Software based Cache Coherency
Having researched the topic of cache coherency (including having talked with Dr. Rabhi), it would seem that options are limited. Almost all software based cache coherency protocols require some form of special hardware or compiler support. The only entirely software based cache coherency protocol I could find which didn’t require compiler support is the fast selective invalidation scheme (Cheong and Veidenbaum, 1988) which unfortunately requires a write-through cache. The write-back cache of the StrongARM can be manually forced to immediately clean dirty entries like a write-through cache, but this is an expensive solution as the StrongARM was not designed to work like this.
Ultimately, this means that there is only one method of implementing cache coherency without some hardware support – and that is to disable the data cache on each processor. However, the StrongARM processor is extremely slow when working with non-cached data as the designers had two modes of data access in mind during design – that of i/o register access and that of memory access. Disabling the data cache causes all memory accesses to be made like accessing i/o space – no use is made of burst reads or writes and hence a huge number of cycles is wasted every time the processor accesses data.
Obviously, the solution is to enable every performance feature of the processor for as long as possible whilst retaining cache coherency. This is done as follows:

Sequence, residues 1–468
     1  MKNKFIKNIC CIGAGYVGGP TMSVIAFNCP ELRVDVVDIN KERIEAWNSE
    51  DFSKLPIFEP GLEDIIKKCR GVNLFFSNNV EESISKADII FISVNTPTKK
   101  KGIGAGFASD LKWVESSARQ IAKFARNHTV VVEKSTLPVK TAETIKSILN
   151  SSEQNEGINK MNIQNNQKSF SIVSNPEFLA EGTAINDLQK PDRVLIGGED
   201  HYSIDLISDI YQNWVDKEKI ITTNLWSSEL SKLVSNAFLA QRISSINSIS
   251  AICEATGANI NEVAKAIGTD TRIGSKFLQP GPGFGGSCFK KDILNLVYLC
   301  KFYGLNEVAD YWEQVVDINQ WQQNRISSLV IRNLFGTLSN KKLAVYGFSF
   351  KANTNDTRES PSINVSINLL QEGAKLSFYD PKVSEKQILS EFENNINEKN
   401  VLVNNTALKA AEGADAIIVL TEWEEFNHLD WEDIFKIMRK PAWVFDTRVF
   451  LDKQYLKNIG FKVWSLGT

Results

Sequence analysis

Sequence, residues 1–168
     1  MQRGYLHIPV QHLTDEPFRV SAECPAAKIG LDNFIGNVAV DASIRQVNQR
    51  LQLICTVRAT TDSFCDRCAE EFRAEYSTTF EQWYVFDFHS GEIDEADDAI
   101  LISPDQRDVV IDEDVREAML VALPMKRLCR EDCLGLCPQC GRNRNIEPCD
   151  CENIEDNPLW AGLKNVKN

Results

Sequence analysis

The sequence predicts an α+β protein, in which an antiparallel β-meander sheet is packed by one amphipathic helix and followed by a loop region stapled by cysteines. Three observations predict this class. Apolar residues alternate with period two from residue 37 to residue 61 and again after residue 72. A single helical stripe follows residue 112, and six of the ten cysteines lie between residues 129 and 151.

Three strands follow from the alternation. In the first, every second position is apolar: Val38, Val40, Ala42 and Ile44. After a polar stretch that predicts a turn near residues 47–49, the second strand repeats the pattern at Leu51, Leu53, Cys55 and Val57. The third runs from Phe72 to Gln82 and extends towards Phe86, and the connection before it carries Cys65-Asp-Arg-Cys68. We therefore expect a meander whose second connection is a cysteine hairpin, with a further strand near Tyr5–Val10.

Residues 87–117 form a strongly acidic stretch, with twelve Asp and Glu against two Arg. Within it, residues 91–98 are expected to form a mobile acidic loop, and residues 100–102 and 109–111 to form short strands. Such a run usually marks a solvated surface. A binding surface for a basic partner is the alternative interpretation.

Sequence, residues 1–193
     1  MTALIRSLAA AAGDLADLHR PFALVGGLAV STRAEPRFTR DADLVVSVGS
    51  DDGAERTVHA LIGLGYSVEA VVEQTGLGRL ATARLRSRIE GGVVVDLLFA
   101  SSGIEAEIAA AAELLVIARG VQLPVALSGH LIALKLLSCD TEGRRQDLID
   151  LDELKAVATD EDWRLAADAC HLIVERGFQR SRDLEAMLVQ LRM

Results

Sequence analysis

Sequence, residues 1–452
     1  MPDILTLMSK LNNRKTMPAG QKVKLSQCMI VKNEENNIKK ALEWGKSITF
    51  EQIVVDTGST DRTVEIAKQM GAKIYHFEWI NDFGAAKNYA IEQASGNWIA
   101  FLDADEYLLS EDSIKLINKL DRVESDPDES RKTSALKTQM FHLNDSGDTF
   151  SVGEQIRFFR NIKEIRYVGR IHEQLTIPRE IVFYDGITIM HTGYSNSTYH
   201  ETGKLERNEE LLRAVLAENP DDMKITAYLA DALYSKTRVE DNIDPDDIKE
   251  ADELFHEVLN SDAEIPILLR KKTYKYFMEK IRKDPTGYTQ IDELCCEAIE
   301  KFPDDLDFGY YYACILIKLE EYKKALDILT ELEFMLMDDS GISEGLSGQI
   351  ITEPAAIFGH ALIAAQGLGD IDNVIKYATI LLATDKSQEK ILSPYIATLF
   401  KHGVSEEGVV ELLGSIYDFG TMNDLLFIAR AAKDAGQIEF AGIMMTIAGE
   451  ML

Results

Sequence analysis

1. Mutually exclude use of an area with that area being accessed remotely
So long as an area of memory is guaranteed to be exclusively available to a processor, it can enable the use of its data cache when accessing that area of memory. Using semaphores, areas of memory can be marked "in use" by a particular processor and hence exclusively allocated to that processor.
2. Prevent areas being accessed by multiple processors from being cached
The StrongARM’s Memory Management Unit (MMU) allows the caching used to access memory to be specified to a 1Mb, 64k & 4k unit granularity. Hence, one can mark all shared regions of memory as uncacheable but still write-bufferable. This prevents the processor using its data cache on shared regions of memory but at least writes to shared areas permit burst writes.
3. Implement software cache coherency
One severe problem with doing large volumes of work in the type of uncached shared memory above is that burst reads are not permitted. If you are copying memory from one location to another (a common enough activity), the writes would be fast enough, but the reads would be extremely slow. A solution here is to implement a form of software triggered cache coherency.
For example, if processor A wanted to rewrite 64k of processor B’s memory, it could send a message to processor B to say it was about to do so. Processor B would then invalidate that area of memory within its cache and Processor A would write the 64k. Should Processor A or B then access that 64k, both would have the correct contents.
The reason why as large an amount as 64k is necessary is because doing this requires a certain amount of overhead which is proportionately less as the amount increases. Also, of course, one would have to ensure that Processor B is happy to lose everything within that 64k. However, if these stringent conditions are met, the data caches for both processors can be left enabled with the resultant speed increase.
Through the use of the recommendations within this document, it is hoped that the highest possible performance can be achieved in a multiprocessing StrongARM solution.